Beijing is so obsessed with remaining in power that even sperm donors have to be of the right political stripe.
To be eligible, men who wish to bequeath their seed in return for cash must “love their socialist motherland and embrace the CCP,” demanded a donor recruitment ad posted by the Peking University No. 3 hospital a few years ago.
DNA alone won’t ensure that Beijing will be able to secure allegiance from the offsprings of its loyalists, though. Pan Rui, the British-educated son of the mainland real estate mogul Pan Shiyi, is known for his unwillingness to toe the party line; among other things, he has posted the iconic June 4th man-standing-in-front-of-tanks photo on his social media; blurted out statements like “stability shouldn’t be built on lies; even the tallest high-rise will crumble if it is constructed on a foundation of falsehoods.” More recently, Beijing had to take the trouble to ban the news of Chloe Zhao winning the Oscar for Best Director; the Mount Holyoke-educated scion of a mainland steel magnate worth billions is widely remembered for having once called China out for being “a place where there are lies everywhere.” Closer to home, there’s Stefani Kuo, the Yale-educated niece of former Chief Secretary of Hong Kong Henry Tang Ying-yen, who filmed a video two years ago voicing support for the anti-extradition law protesters.
And then – for what it’s worth – there’s me, writing for CCP arch-enemy Jimmy Lai and his readers even though I was born to a family with CCP ties; the last time I counted there were two national-level CPPCC (Chinese People’s Political Consultative Conference) members and two province-level ones. At one point I was even groomed to take over the CCP mantle: before I headed to Oxford for my studies, I was introduced to Elsie Leung, then the Secretary of Justice for Hong Kong; in the air was the idea that after I graduated, I could be a potential CCP chess piece. Obviously, the CCP track didn’t work out, or you wouldn’t be reading this column. What’s less obvious is why would I act against my “self-interest.” Elsewhere, I’ve described how working for the CCP side is like for someone who has received a decent education: I’d feel like a hostess who, after noticing a guest has drunk the contents of his finger bowl, drinks from her finger bowl too, to give his breach of etiquette a sense of normalcy.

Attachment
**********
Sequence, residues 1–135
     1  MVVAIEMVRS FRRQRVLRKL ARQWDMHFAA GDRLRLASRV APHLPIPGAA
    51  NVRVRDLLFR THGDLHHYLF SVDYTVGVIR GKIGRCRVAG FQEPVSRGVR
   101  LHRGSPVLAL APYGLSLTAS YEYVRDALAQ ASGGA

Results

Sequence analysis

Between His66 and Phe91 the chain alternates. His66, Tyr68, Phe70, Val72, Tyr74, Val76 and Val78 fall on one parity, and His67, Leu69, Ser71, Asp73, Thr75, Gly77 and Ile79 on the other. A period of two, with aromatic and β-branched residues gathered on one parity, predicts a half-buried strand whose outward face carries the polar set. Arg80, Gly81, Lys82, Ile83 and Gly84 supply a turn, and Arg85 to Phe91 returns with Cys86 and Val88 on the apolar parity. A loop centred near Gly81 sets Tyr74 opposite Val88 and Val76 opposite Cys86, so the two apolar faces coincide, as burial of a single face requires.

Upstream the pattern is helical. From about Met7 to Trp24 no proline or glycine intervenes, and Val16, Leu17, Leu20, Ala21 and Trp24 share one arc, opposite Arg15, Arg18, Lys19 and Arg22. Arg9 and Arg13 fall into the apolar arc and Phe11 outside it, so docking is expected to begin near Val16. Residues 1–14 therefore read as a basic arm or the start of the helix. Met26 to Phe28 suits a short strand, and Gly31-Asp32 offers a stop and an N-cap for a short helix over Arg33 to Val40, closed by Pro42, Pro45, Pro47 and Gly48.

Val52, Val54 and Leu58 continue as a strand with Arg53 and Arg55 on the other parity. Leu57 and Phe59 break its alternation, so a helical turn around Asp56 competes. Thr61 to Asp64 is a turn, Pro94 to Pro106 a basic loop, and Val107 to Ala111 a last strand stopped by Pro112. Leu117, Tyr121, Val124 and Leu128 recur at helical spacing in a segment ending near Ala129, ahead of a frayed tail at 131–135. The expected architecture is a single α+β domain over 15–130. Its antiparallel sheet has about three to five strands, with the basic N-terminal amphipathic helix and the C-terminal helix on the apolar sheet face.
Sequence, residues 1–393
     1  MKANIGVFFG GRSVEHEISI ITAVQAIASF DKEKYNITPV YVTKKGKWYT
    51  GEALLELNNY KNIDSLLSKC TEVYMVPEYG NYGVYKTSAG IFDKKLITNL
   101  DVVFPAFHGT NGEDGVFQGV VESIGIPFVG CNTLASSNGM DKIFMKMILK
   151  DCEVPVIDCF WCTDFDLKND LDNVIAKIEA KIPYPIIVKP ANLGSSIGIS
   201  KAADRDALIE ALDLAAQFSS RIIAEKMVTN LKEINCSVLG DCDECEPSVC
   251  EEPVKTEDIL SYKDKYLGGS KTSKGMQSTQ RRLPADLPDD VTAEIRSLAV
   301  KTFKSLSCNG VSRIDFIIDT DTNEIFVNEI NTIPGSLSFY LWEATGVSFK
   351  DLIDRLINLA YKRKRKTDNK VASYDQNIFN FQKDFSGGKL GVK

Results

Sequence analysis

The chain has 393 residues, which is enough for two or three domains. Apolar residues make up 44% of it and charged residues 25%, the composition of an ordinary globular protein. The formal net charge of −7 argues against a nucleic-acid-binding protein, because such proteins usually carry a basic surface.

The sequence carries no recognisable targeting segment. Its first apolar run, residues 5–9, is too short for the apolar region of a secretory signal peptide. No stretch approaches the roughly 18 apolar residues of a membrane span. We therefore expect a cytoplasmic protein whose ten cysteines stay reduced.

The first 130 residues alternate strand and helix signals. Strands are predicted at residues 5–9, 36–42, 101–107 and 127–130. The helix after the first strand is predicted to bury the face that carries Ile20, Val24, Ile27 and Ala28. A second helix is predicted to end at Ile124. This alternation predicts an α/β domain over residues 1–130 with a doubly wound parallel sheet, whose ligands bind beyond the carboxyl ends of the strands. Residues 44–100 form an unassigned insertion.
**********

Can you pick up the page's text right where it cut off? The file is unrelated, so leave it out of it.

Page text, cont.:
My hunch is it wasn’t a coincidence that Pan Rui, Chloe Zhao and Stefani Kuo all dramatized how lying was a hardship for them: in the past, every time they caved in to the pressure to lie, they must have felt they were drinking from a finger bowl. It was only when they spoke truth to power that they liberated themselves from their sense of shame.
Coming from money means you grew up never knowing want, and this affects your relationship with money for life. In “The last of the aristocrats” (最后的贵族), mainland author Zhang Yihe (1942 – ) recounts her encounters with the daughter and the granddaughter of Kang Youwei (the reform-minded ally of Qing Dynasty emperor Guangxu), and provides an insight into the ambivalence these patrician holdovers from pre-CCP China had towards money. “In order to live according to the style they’re used to,” Zhang writes, “they must have funds at hand. Yet they’re not exactly materialistic, for deep within them there’s this aversion towards money, an aversion that manifests itself in their inclination to regard as second-rate money-oriented people like tradesmen and middlemen.”
In the context of our day – in a world where the CCP uses China’s economic clout to intimidate businesses into submission – among the well-educated children of wealthy pro-CCP people, this aversion towards money as described by Zhang can take the form of an instinctive distaste for having to subjugate themselves to Beijing in return for material gain. In this respect they may differ completely from their parents, who may have lived by the dictum that “drinking from the finger bowl” is part of the bargain of making money. This clash of values between generations come about not necessarily because the later generation is morally superior, but because their privileged upbringing has cultivated in them a different attitude towards money.
One reason Beijing blocked news of Chloe Zhao’s Oscar win from hitting the mainland airwaves may have been it didn’t want Chinese people to know they can achieve success without the Party. Which brings me to my next point. In a way, life is more difficult for the independent-minded children of the rich: money is worthwhile only when it’s earned in a non-tacky manner, success is sweet only when it was attained without Beijing’s “help,” and life has the most meaning only when one is in pursuit of these two goals. Whether this mentality is too extreme is a moot point, but what’s not in any doubt is this: the sperm donor ad was wrong after all. The fact that the CCP got one generation in its clutches doesn’t mean it can go on enslaving the next.